For me, I am in the middle of trying to lose weight after a few health setbacks over the last few years; and it’s a struggle everyday breaking all of my bad eating habits. All through treatments–with all the highs and the lows–food was my comfort. When I was able to eat, it was a small victory, a middle finger to my at-times, almost-impossible journey.
I know… It’s important to come to root cause of why it’s so hard to make changes (and also why it’s so hard to keep to them). In most cases, we overestimate. We imagine we have vast will power (in psychology we call that “restraint bias”)… It’s our ability to control our implosive behaviors (more to-the-point and in a lot of cases: our inability). There’s a study that shows that a substantial majority of dieters regain all their weight within a year—or wind up even heavier than when they started.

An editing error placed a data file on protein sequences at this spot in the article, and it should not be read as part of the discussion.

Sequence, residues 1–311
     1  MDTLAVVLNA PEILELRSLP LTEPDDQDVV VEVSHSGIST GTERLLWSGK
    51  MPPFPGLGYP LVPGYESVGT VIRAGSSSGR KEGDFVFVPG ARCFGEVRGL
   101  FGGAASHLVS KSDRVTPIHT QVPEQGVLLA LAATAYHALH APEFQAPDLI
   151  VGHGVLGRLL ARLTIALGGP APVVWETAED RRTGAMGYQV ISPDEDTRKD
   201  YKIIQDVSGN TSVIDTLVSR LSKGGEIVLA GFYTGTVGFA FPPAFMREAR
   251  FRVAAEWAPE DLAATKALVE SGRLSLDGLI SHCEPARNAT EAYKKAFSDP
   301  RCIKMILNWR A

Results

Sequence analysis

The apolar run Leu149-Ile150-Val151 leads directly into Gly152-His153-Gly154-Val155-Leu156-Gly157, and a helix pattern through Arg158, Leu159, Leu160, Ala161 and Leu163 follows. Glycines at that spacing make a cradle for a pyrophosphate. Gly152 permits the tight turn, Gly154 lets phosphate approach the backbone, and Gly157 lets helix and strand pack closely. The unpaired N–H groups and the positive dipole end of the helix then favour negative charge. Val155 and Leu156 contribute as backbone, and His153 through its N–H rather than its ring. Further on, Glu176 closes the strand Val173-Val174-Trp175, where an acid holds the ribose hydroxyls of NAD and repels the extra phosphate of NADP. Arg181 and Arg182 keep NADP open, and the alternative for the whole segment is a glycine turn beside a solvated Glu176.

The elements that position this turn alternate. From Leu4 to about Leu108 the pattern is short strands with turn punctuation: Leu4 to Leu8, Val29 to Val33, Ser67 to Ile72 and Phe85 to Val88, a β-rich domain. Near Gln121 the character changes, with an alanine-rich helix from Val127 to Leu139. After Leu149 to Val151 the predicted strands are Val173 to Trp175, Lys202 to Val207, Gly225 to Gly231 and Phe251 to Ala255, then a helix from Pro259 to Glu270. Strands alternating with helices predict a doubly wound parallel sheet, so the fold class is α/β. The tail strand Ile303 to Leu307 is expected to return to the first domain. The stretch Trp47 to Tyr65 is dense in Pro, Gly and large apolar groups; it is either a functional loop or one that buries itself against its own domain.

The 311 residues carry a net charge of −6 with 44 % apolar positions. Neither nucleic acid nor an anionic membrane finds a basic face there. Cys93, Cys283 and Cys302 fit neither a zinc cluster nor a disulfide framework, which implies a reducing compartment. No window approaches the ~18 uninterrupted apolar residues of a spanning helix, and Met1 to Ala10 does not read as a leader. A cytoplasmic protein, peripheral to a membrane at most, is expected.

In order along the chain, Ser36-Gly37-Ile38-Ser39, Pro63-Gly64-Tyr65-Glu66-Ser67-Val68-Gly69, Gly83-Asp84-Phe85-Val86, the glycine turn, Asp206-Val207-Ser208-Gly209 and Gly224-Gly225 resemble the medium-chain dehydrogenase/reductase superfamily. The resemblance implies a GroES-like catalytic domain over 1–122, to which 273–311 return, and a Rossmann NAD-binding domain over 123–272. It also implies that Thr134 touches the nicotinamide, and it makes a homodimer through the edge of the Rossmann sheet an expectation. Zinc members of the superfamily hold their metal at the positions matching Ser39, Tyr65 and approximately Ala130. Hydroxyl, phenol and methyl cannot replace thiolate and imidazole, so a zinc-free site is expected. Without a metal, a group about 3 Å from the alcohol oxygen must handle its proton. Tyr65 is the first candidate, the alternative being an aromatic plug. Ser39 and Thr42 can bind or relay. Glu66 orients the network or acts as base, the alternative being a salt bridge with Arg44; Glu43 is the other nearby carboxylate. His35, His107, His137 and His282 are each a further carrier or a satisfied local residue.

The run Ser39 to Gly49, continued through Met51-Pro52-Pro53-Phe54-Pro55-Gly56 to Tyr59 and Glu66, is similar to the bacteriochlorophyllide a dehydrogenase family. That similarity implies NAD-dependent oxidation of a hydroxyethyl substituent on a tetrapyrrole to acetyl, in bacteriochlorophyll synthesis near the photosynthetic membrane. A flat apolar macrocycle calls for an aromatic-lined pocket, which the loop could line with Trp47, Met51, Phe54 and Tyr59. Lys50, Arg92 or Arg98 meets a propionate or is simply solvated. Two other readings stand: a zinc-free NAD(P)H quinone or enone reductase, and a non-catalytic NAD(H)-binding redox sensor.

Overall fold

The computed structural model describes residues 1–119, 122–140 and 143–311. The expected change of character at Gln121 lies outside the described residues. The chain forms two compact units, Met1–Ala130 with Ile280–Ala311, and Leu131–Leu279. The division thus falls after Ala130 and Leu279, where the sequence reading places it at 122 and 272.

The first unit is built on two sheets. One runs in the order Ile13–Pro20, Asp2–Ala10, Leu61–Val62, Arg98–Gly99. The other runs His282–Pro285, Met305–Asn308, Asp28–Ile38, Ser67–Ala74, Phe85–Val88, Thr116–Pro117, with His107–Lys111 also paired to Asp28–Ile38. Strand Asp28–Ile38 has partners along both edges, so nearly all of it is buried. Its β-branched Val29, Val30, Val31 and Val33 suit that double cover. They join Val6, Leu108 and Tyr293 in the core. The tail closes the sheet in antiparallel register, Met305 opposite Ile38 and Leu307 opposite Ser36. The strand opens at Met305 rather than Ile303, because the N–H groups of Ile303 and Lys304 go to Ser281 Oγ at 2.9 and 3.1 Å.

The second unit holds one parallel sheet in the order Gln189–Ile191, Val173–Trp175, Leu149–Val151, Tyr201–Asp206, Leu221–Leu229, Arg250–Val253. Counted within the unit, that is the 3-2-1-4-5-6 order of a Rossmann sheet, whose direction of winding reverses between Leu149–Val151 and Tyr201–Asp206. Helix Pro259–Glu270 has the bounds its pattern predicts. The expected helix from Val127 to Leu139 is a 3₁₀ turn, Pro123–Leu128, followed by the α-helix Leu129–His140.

So after we realize our root cause for not staying with (or, in some cases, not following through on) what we want to change, what do we do next? That is what’s key: “What’s next?” We must always ask that question.
- Picture in your mind what you want to be or what your goal is.
- Visualize it and start behaving like the thing, habit or goal you want to be.
- It is process of conditioning our minds, as some studies show our behaviors about our own character and proclivities, we don’t peer inward, as we might expect; instead, we observe our own external behavior.
- If we see ourselves trying to do a particular action—whatever the actual motivation—our self-conception molds itself to explain that reality.
- So, yes, it is the power of positive thinking, of visualizing our goals, and conditioning ourselves to believe in our goals. We may not always reach them, but sometimes it is our journey that we find is just as important.
Now as for my goal, I am working on getting my comic-book hero’s physique: the Dark Knight himself, Batman. Now, if only I could visualize those billions!